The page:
Monthly Archives: June 2015
I used to think there were some dogs that were just bad, but I came to my senses. It turned out it really was the dog owners that were bad. My original train of thought was due to a loose dog in the neighborhood where I grew up, that tried biting me as I rode my bicycle down the street near its house. Luckily as I grew up there was a relative of mine that adopted a black poodle that changed my views about dogs. This poodle really showed my what it was like to have a dog be a member of the family. In my adult life I encountered many dogs that were the children of friends and family. I realized like children dogs were not born bad, they had to be trained or not be trained to act in a non-appropriate way. There was one dog in particular that touched me in a special way that cemented my feelings about dogs. This mixed breed dog was not only a loving creature, but was able to express empathy. I will never forget the time when its owner was lying on their bed crying and the dog quietly jumped up and lied down next to them, putting its front paw across their back. I was nearly speechless as I witnessed this sympathetic act. Now when I hear a story like I did last week from a member in my class about walking their dog when the neighbors 2 dogs ran out to attack her dog, I know it says more about the owner instead of their dogs. I believe this even more now that I have seen this heartwarming film. UNABLE to be handled by anyone else after his handler Kyle Wincott, played by Robbie Amell (The DUFF, The Hunters-TV movie), was killed in the line of duty; the military had only one option left to avoid putting down Max, the bomb sniffing dog. They hoped Kyle’s parents Pamela and Ray Wincott, played by Lauren Graham (Evan Almighty, Bad Santa) and Thomas Haden Church (Easy A, Sideways), would take Max in and make him part of their family. Would they and their remaining son Justin, played by relative newcomer Josh Wiggins, want to have this dog in their house, reminding them of their tragic loss? This adventure family film won me over simply by having Max star in it. I was unfamiliar with this breed of dog, thinking Max was a German Shepherd mix. The script would have been stronger if it remained on the main story instead of going off with Kyle’s buddy. Also, I was quite aware I was being manipulated but still teared up because at the end of the day there is nothing like seeing a heroic dog.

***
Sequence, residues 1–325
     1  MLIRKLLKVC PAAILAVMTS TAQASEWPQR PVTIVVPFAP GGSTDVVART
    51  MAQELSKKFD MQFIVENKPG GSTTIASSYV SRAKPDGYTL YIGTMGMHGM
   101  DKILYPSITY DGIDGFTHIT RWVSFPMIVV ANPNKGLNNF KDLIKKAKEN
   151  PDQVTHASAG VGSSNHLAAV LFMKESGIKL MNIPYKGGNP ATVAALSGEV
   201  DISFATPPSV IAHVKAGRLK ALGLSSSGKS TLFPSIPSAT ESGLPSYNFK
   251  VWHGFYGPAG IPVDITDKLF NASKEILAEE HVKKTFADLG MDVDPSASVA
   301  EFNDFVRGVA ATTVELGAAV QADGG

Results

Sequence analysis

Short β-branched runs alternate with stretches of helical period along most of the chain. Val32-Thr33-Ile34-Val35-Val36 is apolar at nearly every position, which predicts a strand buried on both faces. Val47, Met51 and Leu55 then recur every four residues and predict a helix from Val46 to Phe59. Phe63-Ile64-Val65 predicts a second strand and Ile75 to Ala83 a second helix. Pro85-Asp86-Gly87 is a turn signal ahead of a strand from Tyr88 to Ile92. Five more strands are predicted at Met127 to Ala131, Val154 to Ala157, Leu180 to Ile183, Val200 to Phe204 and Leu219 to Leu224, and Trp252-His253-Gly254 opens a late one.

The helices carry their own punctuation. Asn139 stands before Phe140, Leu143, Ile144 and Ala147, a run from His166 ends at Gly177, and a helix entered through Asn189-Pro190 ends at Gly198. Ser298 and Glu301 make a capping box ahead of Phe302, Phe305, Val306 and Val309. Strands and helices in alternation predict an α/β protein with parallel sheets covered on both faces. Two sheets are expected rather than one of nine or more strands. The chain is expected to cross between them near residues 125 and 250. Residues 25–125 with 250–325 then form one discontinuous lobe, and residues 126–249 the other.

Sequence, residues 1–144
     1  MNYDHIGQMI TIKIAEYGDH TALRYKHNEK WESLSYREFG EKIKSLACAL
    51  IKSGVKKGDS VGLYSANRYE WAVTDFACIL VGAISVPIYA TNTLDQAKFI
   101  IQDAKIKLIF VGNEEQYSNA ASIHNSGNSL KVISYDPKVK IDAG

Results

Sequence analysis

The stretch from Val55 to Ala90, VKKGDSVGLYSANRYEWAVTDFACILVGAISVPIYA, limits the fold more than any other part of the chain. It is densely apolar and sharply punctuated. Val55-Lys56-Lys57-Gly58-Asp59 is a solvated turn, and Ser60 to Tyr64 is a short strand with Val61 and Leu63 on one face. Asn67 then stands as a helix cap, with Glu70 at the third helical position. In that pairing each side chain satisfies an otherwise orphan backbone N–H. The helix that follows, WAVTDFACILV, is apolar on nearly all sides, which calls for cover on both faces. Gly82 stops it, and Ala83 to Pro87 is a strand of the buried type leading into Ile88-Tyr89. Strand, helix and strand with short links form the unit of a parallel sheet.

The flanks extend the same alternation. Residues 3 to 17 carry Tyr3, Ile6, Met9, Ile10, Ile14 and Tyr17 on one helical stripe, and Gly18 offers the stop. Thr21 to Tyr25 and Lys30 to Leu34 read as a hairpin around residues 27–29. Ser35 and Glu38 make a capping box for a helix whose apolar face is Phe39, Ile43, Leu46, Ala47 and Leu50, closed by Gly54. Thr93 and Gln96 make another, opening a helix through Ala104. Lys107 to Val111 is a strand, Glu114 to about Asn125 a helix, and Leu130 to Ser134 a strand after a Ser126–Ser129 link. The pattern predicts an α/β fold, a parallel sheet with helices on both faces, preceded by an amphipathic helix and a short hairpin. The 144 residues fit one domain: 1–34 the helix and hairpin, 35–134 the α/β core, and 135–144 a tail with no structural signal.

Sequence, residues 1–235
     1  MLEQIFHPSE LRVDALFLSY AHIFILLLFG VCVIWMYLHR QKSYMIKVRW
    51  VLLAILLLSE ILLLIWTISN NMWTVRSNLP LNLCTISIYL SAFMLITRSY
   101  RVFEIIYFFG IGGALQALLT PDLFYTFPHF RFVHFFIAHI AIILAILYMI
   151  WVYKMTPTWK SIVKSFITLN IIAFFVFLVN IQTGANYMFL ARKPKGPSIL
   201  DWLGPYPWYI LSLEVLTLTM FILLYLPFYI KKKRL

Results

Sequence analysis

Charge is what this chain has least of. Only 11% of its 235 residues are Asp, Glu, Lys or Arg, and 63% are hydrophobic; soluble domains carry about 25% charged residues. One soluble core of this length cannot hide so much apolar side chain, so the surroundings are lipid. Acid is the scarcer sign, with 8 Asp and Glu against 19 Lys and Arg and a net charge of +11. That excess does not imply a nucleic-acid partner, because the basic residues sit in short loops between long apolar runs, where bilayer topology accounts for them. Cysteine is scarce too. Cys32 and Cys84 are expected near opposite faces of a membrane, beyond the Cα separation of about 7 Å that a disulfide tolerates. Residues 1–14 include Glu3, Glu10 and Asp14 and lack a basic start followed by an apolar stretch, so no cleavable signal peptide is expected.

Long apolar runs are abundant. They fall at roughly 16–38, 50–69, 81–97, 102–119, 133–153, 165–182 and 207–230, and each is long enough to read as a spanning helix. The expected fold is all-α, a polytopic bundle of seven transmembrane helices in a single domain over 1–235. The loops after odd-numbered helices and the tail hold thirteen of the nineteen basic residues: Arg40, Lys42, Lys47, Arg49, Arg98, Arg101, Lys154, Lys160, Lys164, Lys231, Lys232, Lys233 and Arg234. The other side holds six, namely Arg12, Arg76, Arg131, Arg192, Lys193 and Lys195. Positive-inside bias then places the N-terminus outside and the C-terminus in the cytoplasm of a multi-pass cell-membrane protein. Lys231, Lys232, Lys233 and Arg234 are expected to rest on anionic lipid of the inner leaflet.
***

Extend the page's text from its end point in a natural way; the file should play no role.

2 3/4 stars
There are some friends that can always make you laugh; there are some friends that can have a serious conversation with you and there are some who always provide you with the perfect advice. Just as I believe a love relationship is unconditional, so do I feel the same way about friendships. You cannot pick and choose the parts you like about a friend and ignore the rest; true friendship only comes as a complete package in my opinion and they are as diverse as the world around us. Because this is how I treat friendships, I am always perplexed when someone offers their unsolicited opinion about someone else’s friend. Has this ever happened to you, where a friend of yours asks why you are friends with someone else? I experienced this in the past about a particular friend of mine. Here was an individual who did poorly in school; I suspect there was a learning disability. They may not have been able to carry on a conversation about world events or be able to communicate with proper English; so what, they were such a considerate, kind soul who was always willing to help out a person in need. I remember when a light fixture broke in my house and they immediately offered to fix it, knowing my limited handiness skills. Another friend of mine used to question how I could be friends with someone with such a limited vocabulary. I was offended by their questioning of such a thing, especially without even knowing the other person. How can someone comment on someone else’s relationships? See how it is done in this comedic sequel. RECENTLY married couple Ted and Tami-Lynn, voiced by Seth MacFarlane (A Million Ways to Die in the West, Family Guy-TV) and played by Jessica Barth (Get Smart, The Waterhole), have decided to have a baby. However, Ted will have to prove who or what he is before he can be a father. Written and directed by Seth MacFarlane, this sequel was essentially more of the same from the first film. Though Seth has a wicked sense of humor that was represented in the script by some quick funny lines, I found the story line dull. There was the same crudeness and vulgarity but this time it wasn’t as funny to me; I felt the set up for the scenes was a template that was repeated over and over as the movie progressed. A bright spot for me was Amanda Seyfried (Dear John, In Time) who played the lawyer Samantha. She did a good job with her role. I appreciated the idea behind the story but felt it was being handled with a heavy hand. If I were to consider movies as friends of mine, this would be one film I would not want to watch in a public place. Strong language throughout film.